DARAGA, Albay, Feb. 2 — Albay folks commemorate the day when the almost perfect cone-shaped Mayon volcano burst its fiery temper, hurling superheated ash, sand and molten rocks that buried alive countless villagers who sought sanctuary inside the Cagsawa church in February 1, 1814.
After 200 years, Albayanos pay tribute to the people’s strength and resiliency during and after that fury.
Aptly tagged as “Cagsawa Dos Siglos,” the event pay tribute to the survival capability of Albayanos made to coincide with the annual Cagsawa Festival which opened Saturday morning at the ruins.
It stresses capability to face and rise from the wrath of “Mother Nature” from the 1814 eruption, recorded as the worst display fury of the volcano where villagers who took refuge and sought the sanctuary of the church all died when it was engulfed by a carpet of flowing lava and pyroclastic materials.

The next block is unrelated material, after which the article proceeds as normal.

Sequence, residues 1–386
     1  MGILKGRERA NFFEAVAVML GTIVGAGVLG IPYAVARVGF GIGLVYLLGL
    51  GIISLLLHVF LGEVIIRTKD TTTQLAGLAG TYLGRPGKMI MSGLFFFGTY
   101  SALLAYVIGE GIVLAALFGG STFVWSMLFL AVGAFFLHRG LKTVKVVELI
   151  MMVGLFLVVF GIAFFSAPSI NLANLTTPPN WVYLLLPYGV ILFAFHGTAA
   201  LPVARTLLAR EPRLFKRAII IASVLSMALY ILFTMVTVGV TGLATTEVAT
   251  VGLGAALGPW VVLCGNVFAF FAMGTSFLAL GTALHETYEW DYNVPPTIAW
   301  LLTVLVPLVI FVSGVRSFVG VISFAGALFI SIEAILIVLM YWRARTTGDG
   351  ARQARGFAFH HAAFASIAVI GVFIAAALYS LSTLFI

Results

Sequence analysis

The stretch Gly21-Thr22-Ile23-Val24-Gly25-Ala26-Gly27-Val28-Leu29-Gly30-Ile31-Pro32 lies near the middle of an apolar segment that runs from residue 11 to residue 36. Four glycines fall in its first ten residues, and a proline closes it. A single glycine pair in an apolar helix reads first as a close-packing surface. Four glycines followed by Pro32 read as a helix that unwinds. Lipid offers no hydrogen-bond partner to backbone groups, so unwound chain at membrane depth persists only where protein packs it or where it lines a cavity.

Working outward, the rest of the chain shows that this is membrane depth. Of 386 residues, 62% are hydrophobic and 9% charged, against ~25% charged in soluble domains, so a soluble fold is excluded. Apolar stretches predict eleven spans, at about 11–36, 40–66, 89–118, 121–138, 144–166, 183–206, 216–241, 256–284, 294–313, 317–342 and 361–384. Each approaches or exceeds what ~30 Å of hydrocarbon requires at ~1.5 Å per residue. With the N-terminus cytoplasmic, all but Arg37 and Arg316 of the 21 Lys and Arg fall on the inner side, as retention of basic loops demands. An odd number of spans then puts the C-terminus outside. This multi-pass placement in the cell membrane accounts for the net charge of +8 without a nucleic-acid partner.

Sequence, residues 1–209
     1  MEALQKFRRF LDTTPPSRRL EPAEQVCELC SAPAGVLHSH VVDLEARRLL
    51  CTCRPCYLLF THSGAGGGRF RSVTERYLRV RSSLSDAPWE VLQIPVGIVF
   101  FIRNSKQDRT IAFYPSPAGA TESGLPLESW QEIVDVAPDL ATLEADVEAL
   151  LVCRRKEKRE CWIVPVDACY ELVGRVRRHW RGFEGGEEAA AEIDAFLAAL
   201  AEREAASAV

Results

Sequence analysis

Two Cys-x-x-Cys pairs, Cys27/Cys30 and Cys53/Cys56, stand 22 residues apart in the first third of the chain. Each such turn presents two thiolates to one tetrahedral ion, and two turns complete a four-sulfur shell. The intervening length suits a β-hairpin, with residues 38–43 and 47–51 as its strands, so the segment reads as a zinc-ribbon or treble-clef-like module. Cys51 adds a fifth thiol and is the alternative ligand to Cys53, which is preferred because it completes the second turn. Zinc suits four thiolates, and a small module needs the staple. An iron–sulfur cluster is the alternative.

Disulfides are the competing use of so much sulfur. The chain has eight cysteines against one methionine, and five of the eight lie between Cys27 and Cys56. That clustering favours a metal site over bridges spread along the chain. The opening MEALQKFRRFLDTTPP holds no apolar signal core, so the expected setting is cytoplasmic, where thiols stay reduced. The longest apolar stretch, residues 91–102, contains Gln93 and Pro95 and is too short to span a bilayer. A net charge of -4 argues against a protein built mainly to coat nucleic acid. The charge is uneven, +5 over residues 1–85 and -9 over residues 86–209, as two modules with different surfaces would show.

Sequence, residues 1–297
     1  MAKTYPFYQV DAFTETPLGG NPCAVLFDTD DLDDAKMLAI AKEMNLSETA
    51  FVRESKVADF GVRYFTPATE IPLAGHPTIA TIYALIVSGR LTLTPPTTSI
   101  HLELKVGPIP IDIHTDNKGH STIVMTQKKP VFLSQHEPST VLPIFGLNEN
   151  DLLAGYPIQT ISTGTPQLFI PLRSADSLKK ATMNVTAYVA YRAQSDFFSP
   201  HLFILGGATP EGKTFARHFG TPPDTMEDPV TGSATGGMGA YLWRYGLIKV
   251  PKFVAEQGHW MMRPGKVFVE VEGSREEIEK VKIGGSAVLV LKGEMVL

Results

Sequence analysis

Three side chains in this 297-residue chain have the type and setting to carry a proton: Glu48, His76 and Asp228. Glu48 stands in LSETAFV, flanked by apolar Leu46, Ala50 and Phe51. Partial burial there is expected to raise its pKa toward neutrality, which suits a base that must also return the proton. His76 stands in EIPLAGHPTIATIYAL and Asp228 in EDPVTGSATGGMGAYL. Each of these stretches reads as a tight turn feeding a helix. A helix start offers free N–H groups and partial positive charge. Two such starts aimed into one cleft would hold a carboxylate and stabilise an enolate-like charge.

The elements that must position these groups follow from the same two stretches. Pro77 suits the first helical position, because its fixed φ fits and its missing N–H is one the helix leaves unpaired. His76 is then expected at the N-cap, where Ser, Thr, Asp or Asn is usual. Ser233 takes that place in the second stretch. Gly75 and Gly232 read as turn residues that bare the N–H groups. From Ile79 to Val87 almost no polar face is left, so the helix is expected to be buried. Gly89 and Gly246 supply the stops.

Governor Joey Salceda said the 200-year anniversary of 1814 Mayon eruption will feature traditional events and the way of life of the locals here.
“We celebrate today because we survived. And I am confident that those who passed away are happy that we survived (sic!). We have passed the test of nature and of time,” the provincial chief executive explained.
For two centuries, the Cagsawa Ruins has stood as a symbol of Bicol region’s impressive landscape, rich history and the people’s strength and resiliency to face and rise from the ravages of Mother Nature, he said. (from PNA story)